“You know what I’m thinking!” they would exclaim.

“No I don’t,” he would invariably protest. “Intuits aren’t mind readers.”

“But you can extrapolate from everything I do, everything I say. The way I look at you, the inflection of every syllable I mouth, how I hold my left hand, the way I …” At about that point they would break off the argument to declare, “You knew I was going to say all this, didn’t you?”

Protests of innocence were of no use. Most women were convinced that dating an intuit was akin to trying to run through the starting defensive line of the Moscow Dynamo: a girl was simply outmatched before she could get started.

Not, Cardenas reflected as he and Hyaki settled into an empty booth, that the majority of single cops didn’t lead lonely lives anyway.

Vitalizing before him, the menu politely inquired if he wanted to null the audio and read about the establishment’s offerings in peace. Correctly taking Cardenas’s lack of response as permission to continue, it proceeded to recite the late-night specials. Stuffed into the opposite side of the booth, Hyaki was mooting whether to order the tambaqui and chips or fejoada with barbecued capybara.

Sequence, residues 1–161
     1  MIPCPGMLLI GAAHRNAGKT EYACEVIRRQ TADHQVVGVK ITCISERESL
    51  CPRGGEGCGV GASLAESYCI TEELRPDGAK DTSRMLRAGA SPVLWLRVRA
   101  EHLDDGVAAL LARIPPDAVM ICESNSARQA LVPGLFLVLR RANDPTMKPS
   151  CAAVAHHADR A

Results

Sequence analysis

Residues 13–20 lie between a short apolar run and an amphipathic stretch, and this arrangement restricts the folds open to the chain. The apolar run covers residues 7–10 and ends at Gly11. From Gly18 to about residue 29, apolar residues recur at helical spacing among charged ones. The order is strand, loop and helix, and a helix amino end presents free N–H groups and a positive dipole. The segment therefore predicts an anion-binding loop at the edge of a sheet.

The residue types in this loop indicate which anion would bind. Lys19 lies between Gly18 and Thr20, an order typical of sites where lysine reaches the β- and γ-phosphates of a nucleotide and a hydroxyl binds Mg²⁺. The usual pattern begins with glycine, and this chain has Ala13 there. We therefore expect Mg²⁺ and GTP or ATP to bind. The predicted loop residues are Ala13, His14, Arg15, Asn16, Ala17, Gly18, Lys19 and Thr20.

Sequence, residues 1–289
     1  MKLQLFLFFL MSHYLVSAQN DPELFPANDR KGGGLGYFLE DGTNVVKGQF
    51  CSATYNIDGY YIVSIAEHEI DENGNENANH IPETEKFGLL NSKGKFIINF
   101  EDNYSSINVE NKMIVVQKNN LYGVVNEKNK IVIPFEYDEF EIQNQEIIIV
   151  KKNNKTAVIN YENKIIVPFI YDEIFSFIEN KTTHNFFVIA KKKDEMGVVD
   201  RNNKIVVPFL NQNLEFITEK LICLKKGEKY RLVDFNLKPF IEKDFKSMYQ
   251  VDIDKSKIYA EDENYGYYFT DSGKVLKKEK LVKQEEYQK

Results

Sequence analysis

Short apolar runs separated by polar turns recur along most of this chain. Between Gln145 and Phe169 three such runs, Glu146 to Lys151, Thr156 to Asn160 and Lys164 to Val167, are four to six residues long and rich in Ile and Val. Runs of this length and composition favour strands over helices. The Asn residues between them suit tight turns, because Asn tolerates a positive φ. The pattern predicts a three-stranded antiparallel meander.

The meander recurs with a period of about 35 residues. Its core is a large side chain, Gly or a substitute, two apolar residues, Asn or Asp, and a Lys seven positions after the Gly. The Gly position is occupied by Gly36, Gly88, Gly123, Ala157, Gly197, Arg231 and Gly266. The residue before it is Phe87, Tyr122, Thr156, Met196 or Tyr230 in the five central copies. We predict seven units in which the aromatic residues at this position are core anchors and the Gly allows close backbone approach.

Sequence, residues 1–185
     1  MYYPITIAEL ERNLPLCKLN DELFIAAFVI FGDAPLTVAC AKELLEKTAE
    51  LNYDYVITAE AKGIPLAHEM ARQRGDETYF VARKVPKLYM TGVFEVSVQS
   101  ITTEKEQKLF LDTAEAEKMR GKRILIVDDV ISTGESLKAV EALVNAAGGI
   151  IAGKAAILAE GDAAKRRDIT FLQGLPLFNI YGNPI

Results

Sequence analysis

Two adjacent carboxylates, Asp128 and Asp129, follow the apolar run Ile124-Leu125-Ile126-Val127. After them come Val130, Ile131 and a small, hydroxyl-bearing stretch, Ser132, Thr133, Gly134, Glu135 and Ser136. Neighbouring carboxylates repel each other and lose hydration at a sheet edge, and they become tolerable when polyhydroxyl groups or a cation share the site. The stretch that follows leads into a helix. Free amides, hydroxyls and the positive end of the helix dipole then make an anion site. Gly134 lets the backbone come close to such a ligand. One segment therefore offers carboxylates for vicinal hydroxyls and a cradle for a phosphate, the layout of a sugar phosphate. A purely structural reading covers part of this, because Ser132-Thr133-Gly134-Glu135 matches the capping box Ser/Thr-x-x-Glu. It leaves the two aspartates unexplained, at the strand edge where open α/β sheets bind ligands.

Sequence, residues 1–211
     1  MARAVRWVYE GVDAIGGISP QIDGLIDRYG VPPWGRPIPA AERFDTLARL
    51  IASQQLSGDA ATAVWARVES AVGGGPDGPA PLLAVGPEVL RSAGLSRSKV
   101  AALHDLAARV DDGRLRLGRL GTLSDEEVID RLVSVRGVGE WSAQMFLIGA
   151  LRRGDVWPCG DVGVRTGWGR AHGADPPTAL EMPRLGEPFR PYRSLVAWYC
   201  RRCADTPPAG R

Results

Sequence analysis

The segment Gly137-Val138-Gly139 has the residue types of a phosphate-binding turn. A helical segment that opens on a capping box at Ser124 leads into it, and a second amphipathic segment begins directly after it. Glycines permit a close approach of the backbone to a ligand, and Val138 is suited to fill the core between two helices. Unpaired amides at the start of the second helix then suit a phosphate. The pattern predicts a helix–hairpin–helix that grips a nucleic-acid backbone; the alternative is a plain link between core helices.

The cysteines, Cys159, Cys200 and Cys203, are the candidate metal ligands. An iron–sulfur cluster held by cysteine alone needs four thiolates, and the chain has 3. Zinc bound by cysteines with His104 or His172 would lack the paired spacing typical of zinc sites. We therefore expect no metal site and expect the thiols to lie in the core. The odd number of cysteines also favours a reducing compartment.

Not long after their respective orders were relayed to the kitchen, a waitress appeared with Cardenas’s keoki coffee and the sergeant’s double espresso milkshake. Hot and cold for slim and large, the Inspector reflected as he dosed down on his steaming mug. The confused identity of the corpse they had just encountered collided in his thoughts with the puzzling response of the man’s wife-not-wife. One did not need to be an intuit to realize something more than the usual mug-and-drug was involved in the man’s death. It was turning rapidly into a bona fide realimad, non compos mental, strain on the brain, jane. Cardenas didn’t like that. He liked things direct and straightforward, in the manner of most cops. Neat and clean on the scene. Better if the scan on the dead cleanie had turned up no identity instead of two.